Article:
Funding shift ends HIV/AIDS service

MECCA is ending its services for AIDS patients as state reduces the focus on prevention

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IOWA CITY – About 50 people living with HIV/AIDS in southeast Iowa will have a new service provider after MECCA announced it will discontinue its case management and housing assistance services.

The decision comes as federal funding is reduced for Iowa and as the state’s focus shifts to medical treatment to reduce the transmission of HIV.

MECCA, which provides substance abuse and behavioral health services at its regional office in Iowa City, has offered HIV assistance since 2004 through the Iowa Center for AIDS Resources and Education program, known as ICARE.

Treatment for problem gamblers and other MECCA programs will continue, vice president Shannon Wagner said, and the ICARE name could potentially continue under a new provider.

MECCA will end its affiliation with ICARE on March 31, 2013, so that services can smoothly transition to that new provider, Wagner said.

The Iowa Department of Public Health has a competitive bid process under way for the contract, which had been $230, 071 this year.

About 70 percent passed through to clients for rent, transportation and other needs, with the remainder covering one staff position and overhead costs. Wagner said MECCA is hoping to retain that staff person.

Randy Mayer, chief of the bureau of HIV, STD, and hepatitis at the state health department, said Iowa lost $407,000 this year in federal HIV/AIDS prevention funding and will lose another $180,000 in 2013.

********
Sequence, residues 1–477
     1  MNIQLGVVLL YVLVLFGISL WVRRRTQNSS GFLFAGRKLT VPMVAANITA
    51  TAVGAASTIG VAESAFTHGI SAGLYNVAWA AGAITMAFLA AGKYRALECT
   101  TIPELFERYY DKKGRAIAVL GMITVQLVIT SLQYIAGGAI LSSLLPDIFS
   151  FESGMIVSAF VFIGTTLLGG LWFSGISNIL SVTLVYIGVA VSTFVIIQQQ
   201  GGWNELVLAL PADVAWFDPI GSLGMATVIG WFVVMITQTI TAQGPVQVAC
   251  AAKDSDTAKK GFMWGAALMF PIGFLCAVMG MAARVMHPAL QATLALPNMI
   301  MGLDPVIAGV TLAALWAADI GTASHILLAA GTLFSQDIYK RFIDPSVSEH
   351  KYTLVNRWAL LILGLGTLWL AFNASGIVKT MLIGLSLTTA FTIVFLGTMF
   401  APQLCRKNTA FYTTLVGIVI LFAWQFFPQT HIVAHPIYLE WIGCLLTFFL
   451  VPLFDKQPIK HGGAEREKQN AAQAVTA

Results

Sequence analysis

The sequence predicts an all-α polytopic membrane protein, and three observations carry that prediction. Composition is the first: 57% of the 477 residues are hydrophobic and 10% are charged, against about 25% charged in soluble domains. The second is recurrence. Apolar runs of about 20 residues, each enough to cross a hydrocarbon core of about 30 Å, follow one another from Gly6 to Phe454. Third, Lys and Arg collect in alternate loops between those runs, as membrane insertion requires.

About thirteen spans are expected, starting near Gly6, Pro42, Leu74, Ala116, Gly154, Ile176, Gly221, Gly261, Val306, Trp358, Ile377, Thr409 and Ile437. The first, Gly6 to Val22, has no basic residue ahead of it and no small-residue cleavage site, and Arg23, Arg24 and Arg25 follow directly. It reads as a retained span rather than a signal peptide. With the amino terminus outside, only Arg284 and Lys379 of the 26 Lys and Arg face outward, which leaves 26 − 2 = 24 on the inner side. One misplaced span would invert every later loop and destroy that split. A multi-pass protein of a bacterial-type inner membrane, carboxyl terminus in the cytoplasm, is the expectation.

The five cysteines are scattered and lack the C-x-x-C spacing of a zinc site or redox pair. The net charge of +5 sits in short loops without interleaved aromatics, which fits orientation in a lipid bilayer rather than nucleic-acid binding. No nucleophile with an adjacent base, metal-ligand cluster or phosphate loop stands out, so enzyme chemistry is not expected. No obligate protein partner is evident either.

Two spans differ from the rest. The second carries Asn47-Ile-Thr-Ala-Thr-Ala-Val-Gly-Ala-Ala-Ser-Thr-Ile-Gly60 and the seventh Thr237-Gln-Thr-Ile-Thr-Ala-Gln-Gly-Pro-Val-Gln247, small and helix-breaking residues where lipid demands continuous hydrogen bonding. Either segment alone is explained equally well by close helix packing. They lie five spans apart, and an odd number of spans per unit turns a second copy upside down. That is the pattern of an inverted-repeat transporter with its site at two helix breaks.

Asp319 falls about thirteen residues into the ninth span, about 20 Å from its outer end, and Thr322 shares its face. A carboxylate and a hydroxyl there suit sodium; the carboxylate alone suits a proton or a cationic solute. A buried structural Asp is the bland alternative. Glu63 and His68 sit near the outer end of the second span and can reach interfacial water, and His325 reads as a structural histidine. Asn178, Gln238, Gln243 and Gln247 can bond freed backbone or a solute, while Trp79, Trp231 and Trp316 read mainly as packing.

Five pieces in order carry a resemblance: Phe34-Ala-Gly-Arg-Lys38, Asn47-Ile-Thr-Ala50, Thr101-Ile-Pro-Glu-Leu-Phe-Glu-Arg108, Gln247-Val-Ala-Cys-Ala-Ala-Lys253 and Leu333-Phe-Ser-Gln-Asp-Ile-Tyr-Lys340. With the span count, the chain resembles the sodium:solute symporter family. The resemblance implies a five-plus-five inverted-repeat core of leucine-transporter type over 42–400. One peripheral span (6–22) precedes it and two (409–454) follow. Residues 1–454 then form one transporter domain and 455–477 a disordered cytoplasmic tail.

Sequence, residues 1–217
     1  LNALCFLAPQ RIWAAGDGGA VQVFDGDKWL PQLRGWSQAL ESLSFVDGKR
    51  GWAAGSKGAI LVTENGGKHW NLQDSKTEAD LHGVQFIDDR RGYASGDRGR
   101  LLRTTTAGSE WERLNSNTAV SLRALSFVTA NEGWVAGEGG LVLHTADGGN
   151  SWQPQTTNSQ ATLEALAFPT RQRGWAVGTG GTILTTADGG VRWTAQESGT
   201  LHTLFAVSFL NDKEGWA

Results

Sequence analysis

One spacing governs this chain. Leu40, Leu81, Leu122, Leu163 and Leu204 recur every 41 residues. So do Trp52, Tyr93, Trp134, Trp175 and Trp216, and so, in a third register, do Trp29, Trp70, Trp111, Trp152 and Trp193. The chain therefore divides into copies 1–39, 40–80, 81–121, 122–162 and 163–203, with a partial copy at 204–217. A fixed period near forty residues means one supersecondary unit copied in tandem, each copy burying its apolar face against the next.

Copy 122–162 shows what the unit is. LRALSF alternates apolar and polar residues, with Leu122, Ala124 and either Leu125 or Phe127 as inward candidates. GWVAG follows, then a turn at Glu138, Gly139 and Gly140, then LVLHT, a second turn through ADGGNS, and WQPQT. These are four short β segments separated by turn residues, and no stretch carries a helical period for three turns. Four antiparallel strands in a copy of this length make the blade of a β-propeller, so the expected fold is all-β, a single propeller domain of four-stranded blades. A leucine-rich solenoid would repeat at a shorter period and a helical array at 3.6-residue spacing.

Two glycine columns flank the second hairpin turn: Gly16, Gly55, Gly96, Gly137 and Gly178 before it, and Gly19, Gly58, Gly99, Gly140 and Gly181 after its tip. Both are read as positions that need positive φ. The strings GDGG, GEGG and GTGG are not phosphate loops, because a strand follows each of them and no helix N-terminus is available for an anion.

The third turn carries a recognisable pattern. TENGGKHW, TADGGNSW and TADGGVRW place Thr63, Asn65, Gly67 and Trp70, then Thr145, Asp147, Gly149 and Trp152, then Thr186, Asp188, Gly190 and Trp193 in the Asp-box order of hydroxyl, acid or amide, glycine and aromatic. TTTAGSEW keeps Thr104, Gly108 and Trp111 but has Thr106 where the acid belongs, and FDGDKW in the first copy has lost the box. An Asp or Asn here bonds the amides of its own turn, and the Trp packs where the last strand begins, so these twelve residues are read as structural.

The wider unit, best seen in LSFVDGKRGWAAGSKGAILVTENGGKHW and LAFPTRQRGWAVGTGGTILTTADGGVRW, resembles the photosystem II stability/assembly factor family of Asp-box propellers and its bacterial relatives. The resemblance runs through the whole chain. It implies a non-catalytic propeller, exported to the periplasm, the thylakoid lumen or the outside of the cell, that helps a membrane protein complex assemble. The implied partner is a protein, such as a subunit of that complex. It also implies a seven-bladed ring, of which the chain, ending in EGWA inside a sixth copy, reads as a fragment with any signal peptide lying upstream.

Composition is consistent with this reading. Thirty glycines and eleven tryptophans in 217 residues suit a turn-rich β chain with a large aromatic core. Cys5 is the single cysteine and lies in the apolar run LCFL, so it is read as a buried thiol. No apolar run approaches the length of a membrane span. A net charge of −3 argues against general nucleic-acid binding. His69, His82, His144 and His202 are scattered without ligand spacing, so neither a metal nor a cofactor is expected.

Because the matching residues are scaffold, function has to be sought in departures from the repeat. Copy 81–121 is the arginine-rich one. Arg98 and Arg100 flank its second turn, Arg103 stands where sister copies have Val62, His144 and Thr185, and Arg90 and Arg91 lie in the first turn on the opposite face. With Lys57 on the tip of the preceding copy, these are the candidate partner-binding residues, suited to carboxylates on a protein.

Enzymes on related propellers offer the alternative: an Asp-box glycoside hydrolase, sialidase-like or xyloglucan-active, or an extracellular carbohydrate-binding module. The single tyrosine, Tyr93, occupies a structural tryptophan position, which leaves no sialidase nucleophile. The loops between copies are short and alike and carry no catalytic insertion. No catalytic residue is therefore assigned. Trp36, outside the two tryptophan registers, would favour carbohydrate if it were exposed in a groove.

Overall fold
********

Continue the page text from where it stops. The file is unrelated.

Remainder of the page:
Previously, funding had been at $1.6 million annually, so the state could lose up to 55 percent in prevention funding, Mayer said.

He noted that prevention will shift from testing and education to reducing clients’ viral loads, so they are less apt to transmit HIV to others.

“We have no other choice,” Mayer said of the change, but added that there is room for improvement in ensuring that clients are receiving medical care. “I’m actually hopeful if we do invest resources in that, we will have an impact on decreasing transmissions in the state.”

At the same time, Mayer said he is concerned that without the outreach programs, Iowa will have more difficulty getting people tested for HIV and into early treatment to reduce transmission.

An estimated 3,000 people are living with HIV/AIDS in Iowa, with 2,300 of those formally diagnosed.

The National HIV/AIDS Strategy is shifting federal prevention funds to areas of the country with higher HIV/AIDS cases, leaving less for states like Iowa.


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